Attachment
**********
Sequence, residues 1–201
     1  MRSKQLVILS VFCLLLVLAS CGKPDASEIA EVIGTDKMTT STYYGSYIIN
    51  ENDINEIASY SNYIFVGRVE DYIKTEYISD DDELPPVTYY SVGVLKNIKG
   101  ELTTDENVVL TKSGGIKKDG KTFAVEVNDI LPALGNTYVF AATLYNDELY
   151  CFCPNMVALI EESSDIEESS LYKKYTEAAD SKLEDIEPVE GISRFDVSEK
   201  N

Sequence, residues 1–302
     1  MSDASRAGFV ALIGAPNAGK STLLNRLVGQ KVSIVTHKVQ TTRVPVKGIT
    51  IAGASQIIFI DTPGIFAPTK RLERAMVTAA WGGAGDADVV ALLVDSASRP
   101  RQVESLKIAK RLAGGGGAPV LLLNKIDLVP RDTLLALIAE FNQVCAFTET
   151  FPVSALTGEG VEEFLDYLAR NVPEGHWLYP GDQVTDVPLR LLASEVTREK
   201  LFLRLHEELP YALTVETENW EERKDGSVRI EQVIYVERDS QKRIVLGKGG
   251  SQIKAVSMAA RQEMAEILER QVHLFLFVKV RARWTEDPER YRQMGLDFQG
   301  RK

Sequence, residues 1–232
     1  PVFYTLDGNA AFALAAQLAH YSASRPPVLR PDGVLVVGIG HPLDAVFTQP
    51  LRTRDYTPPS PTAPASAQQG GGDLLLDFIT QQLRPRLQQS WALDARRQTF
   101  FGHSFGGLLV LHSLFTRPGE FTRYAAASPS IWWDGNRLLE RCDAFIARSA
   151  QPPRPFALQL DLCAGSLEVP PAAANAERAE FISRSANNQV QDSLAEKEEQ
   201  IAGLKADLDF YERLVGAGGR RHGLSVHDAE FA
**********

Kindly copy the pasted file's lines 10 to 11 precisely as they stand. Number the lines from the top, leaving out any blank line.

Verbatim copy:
   101  RQVESLKIAK RLAGGGGAPV LLLNKIDLVP RDTLLALIAE FNQVCAFTET
   151  FPVSALTGEG VEEFLDYLAR NVPEGHWLYP GDQVTDVPLR LLASEVTREK